Joseph Koo, a notable music composer during the heyday of Hong Kong cinema, passed away in Vancouver, Canada. He was 91.
Local media report his death as occurring on Tuesday, January 3, 2023, although there is no cause for death.
Koo Ka-Fai, born on February 23, 1931, in Guangzhou, China, emigrated to Hong Kong in 1948 with his musical and academic family.
Koo worked mostly in Hong Kong’s film, television, and pop music sectors. And even after moving to Canada in the 1990s, he kept in touch with the Hong Kong business community.
Koo, whose sister Koo Mei was a well-known recording artist in her own right, began playing the piano when he was a little child and writing songs for her. Later, he started his band and played live, performing at places like Hong Kong’s Luk Kwok Hotel.
His sister sang “Dream” in the 1961 Shaw Brothers film “Love Without End,” which served as his debut film composition. The success of the song and the movie led Hong Kong film magnate Sir Run Run Shaw to fund his formal musical study at Boston’s Berklee College.
Returning to Hong Kong, Koo worked for Shaw Brother’s enterprises and Shaw’s rival Golden Harvest.
For his work on the 1965 musical comedy “The Dancing Millionairess” by The Shaw Brothers, Koo received a Golden Horse Award, one of the most coveted accolades in Chinese cinema. He composed the music for “Way of the Dragon” and “Fist of Fury,” two of the six Bruce Lee films.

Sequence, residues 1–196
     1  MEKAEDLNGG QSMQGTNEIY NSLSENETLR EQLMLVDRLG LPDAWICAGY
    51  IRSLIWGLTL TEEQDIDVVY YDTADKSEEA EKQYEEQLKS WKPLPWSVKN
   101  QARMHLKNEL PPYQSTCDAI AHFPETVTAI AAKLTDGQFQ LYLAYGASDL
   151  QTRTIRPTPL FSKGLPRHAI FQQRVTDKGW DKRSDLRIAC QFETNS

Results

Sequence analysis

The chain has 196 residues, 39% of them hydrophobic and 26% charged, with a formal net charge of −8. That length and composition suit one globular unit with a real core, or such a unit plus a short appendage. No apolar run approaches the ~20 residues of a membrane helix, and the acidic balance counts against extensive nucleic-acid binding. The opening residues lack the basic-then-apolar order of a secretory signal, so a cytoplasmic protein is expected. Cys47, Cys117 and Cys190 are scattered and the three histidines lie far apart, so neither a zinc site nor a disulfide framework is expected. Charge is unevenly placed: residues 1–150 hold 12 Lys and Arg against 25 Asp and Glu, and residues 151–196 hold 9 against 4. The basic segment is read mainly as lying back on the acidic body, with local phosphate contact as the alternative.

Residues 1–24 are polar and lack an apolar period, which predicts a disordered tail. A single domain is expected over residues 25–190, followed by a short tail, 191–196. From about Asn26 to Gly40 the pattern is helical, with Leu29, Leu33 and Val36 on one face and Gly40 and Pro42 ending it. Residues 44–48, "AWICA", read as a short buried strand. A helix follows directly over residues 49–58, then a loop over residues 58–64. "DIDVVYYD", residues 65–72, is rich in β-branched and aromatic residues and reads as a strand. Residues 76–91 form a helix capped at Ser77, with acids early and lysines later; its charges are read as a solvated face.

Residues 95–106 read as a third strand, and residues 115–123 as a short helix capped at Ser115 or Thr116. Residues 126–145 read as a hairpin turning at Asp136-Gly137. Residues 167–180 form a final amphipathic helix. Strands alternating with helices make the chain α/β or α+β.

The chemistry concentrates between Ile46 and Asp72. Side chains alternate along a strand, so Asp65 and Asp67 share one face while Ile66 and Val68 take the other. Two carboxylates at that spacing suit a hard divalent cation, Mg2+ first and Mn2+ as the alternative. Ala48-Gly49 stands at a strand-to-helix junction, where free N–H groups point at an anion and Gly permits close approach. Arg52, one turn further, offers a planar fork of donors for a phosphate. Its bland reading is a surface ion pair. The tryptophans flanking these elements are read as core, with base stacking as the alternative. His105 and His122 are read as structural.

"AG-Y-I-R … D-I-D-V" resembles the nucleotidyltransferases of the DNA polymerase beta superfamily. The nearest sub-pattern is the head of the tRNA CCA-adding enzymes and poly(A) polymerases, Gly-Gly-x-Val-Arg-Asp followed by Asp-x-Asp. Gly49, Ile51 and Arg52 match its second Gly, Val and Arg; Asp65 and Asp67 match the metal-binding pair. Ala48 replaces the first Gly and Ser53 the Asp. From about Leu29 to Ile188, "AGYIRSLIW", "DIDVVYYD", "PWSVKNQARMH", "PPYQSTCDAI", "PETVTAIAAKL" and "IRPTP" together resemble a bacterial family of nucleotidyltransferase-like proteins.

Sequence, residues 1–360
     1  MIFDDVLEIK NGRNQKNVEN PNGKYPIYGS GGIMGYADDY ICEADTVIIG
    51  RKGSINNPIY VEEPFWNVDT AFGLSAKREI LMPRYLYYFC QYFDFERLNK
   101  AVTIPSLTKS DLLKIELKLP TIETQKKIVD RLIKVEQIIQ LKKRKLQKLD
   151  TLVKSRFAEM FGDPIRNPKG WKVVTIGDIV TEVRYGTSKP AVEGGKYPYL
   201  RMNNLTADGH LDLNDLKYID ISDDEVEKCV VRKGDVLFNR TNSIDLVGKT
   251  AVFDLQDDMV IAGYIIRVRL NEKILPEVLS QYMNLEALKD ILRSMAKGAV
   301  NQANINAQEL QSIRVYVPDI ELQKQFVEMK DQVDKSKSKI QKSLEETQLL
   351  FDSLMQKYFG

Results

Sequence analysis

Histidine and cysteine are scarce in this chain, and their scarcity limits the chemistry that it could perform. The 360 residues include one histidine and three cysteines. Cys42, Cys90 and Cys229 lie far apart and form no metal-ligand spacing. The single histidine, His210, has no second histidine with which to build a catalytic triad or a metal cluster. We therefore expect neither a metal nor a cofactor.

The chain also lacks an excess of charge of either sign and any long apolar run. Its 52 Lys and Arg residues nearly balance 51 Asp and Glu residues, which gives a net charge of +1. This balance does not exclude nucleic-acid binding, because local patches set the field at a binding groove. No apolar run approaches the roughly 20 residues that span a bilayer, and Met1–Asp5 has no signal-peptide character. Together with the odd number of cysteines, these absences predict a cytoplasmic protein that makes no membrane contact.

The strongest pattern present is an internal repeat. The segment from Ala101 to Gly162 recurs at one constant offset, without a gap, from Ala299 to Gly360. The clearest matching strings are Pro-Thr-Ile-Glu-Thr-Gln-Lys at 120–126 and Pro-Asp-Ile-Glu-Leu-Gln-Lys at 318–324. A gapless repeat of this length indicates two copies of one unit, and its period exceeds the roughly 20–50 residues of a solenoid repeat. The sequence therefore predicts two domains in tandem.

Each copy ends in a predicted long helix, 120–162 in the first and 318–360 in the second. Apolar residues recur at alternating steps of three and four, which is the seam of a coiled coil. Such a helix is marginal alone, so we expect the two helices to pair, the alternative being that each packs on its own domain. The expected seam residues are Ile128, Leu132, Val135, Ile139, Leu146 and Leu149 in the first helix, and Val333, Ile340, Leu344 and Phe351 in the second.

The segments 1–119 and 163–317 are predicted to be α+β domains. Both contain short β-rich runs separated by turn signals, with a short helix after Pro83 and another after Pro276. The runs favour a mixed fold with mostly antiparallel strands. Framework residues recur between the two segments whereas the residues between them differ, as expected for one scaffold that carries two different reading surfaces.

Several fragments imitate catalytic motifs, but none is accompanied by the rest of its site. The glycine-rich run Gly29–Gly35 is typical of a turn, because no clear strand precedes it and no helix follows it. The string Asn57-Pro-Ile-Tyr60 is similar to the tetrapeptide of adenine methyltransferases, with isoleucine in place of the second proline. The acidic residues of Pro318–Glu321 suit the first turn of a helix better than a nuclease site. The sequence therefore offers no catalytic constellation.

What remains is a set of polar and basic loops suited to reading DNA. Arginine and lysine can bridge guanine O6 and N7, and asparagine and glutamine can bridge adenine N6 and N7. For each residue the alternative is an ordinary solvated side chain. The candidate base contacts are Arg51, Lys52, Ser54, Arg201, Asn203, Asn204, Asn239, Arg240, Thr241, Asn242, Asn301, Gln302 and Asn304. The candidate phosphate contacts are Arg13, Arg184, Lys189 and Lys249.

More recently, Koo wrote the music for Jia Zhangke’s 2017 film “Ash Is Purest White” and Ray Yeung’s 2006 film “Cut Sleeve Boys.”
Numerous national and international accolades have to given to Koo for his work and career. In 1982, Koo was awarded an MBE by the British government. Koo to given a Bronze Bauhinia Star in 1988 and a Gold Bauhinia Star in 2015, while Hong Kong was governed by China starting in 1997. During the 2010 Hong Kong Arts Development Awards, the Hong Kong Arts Development Council presented him with the Life Achievement Award.
“Joseph Koo’s works are timeless masterpieces that have improved the lives of Chinese people worldwide and played a key role in Hong Kong people’s daily lives over the years. From one generation to the next, he will carry along his spirit and the enduringly moving music he composed. We will remember him with affection, Kevin Yeung, the secretary for culture, sports, and tourism in Hong Kong, said in a statement on Wednesday.